Heroin, also known as diacetylmorphine, is a highly addictive Schedule I drug. It’s a heavily abused, extremely addictive, potent opiate. Some of its street names may include: Dope, smack, H, Junk, Snow, Brown, etc. Processed from morphine, a naturally occurring substance extracted from the opium poppy, which is indigenous to the Middle East and Southeast Asia.

For information about the effects of heroin, click HERE

On the streets

Pure heroin is hard to find. In its pure form, the drug is a white, bitter powder. However, its color varies from white to dark brown, depending on the manufacturing process and/or the presence of other drugs or additives such as powdered milk or quinine.

Found in western and southwestern USA is another form: Black tar. Made in Mexico, it is extremely potent and highly addictive. It’s becoming more of an issue due to its cheaper sale price compared to conventional heroin and its amplified potency.

The history of heroin

The opium poppy plant has a lengthy history. It’s been traced back to the ancient Mesopotamian and Sumerian cultures, who passed it over to the Assyrians, Babylonians, and Egyptians. It made its rounds from Greece to Persia and India, where it grew in mass quantities. 

The British began exporting it to China in the 1800s. Millions of people there became addicted to the substance, which led to two Opium Wars in an attempt by the Chinese government to ban the substance. By the mid-1870s, heroin became synthesized from morphine by Bayer, a pharmaceutical company. At the time, many considered heroin to be safer and non-addictive.

It became a common additive in cough medicines. By the early 1900s, the drug was deemed to be highly addictive and was banned in 1914 as part of the Harrison Narcotics Act.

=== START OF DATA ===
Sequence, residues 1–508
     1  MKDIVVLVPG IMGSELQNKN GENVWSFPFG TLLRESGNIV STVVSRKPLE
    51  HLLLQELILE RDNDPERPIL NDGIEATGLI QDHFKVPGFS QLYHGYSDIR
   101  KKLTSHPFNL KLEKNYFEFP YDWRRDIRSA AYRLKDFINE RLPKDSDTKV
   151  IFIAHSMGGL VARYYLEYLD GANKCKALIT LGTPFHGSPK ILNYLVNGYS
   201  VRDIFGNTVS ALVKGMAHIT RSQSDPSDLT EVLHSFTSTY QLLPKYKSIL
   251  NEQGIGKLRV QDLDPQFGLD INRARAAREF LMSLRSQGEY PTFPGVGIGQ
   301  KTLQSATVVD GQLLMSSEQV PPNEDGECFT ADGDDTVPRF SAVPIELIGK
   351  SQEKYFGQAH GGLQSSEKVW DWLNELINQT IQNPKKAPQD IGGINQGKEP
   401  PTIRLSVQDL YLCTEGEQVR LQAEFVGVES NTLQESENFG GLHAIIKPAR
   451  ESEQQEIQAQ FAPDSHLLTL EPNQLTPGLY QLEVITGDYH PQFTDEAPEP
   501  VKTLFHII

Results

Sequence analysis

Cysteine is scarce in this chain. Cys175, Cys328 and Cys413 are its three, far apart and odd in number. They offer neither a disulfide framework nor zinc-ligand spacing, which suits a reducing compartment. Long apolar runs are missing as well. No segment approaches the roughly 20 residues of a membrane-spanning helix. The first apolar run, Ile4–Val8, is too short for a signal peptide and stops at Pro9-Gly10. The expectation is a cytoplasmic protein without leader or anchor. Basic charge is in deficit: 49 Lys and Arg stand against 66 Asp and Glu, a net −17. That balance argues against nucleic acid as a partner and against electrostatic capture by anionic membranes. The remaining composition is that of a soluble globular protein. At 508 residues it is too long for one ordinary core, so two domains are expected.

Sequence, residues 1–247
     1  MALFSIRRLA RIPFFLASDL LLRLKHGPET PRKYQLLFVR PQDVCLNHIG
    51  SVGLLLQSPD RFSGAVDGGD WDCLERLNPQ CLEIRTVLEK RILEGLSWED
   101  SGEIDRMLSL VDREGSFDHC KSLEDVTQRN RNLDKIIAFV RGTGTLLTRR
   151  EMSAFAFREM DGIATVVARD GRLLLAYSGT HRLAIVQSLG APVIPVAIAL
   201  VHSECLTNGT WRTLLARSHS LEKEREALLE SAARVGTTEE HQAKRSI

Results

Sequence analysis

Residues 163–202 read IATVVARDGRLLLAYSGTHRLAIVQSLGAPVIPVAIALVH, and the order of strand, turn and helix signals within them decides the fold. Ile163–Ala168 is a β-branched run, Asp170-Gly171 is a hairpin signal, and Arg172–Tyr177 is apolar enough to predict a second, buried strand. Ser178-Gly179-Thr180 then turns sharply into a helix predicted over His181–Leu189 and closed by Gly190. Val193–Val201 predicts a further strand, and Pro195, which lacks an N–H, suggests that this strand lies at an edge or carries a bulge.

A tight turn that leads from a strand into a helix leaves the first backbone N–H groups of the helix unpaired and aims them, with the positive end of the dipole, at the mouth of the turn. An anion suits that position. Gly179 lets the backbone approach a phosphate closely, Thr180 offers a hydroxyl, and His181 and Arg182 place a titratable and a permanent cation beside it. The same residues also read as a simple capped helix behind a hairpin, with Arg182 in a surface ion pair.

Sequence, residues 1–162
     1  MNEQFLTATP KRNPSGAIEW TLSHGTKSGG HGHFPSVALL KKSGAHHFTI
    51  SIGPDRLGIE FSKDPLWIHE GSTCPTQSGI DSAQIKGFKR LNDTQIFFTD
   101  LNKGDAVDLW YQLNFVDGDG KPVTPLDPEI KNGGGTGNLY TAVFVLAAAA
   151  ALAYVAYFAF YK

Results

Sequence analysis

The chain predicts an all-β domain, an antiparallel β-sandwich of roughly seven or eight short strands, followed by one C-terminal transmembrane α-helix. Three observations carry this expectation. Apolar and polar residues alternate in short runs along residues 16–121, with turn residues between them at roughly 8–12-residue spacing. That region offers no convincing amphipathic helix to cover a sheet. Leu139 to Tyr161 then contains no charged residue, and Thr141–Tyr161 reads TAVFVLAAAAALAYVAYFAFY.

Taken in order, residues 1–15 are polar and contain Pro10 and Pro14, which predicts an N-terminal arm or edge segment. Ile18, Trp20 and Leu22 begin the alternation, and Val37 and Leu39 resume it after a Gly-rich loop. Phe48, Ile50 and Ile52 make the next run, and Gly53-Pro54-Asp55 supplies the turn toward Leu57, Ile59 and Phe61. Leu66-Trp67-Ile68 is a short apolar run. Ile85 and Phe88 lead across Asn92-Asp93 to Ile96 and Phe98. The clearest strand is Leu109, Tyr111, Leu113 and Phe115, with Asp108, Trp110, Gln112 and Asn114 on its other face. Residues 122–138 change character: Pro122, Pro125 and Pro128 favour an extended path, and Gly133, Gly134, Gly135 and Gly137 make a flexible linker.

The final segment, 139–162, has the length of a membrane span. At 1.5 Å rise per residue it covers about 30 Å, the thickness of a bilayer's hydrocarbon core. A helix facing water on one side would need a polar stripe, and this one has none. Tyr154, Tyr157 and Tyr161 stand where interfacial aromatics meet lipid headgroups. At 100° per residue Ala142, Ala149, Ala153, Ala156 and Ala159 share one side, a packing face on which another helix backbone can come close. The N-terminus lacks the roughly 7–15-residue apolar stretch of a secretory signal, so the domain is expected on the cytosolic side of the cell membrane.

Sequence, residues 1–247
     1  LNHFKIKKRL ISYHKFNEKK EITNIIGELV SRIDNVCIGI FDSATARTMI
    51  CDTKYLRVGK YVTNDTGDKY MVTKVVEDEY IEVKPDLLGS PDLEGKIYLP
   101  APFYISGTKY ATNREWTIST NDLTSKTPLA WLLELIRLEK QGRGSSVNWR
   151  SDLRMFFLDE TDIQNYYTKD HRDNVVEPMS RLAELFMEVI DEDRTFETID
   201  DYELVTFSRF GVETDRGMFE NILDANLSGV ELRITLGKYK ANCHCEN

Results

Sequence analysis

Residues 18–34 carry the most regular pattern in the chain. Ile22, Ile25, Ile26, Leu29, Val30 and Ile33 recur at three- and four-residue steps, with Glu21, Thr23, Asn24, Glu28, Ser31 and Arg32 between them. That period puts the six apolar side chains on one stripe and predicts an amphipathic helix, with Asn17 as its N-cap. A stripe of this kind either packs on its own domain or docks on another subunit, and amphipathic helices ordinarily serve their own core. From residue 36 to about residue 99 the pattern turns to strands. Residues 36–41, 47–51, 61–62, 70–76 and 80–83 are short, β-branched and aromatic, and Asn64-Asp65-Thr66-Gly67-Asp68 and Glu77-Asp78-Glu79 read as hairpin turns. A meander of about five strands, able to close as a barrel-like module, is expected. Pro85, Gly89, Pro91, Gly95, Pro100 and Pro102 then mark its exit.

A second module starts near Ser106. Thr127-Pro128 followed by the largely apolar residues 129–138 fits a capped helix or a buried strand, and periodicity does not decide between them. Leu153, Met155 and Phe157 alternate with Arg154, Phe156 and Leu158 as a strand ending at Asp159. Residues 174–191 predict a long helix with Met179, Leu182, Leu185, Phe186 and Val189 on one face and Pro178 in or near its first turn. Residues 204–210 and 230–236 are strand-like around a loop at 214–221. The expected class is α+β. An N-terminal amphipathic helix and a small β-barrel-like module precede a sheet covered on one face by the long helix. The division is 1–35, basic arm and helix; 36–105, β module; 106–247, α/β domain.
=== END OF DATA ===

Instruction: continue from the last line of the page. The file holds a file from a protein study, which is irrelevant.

Forms of administration

There are a few different ways a user can take this addictive drug:

  • Injections into the vein or just below the skin’s surface
  • Inhalation – heating the substance until it smokes, then inhale the smoke through a straw
  • Sniffing liquefied heroin through a nasal spray bottle
  • Users snort heroin as well, and usually mix it with substances like cocaine

Heroin paraphernalia

Those who inject the drug use a set of “paraphernalia.” This includes hypodermic needles, small cotton balls to strain the drug, spoons or bottle caps for “cooking” or liquefying the drug, and a “tie-off” that the user wraps around his or her arm to make the veins more visible. 

Paraphernalia for sniffing or smoking the substance can include razor blades, straws, rolled dollar bills, and pipes. Those who transport or traffic the drug often use balloons as well.

For information about the effects of heroin, click HERE


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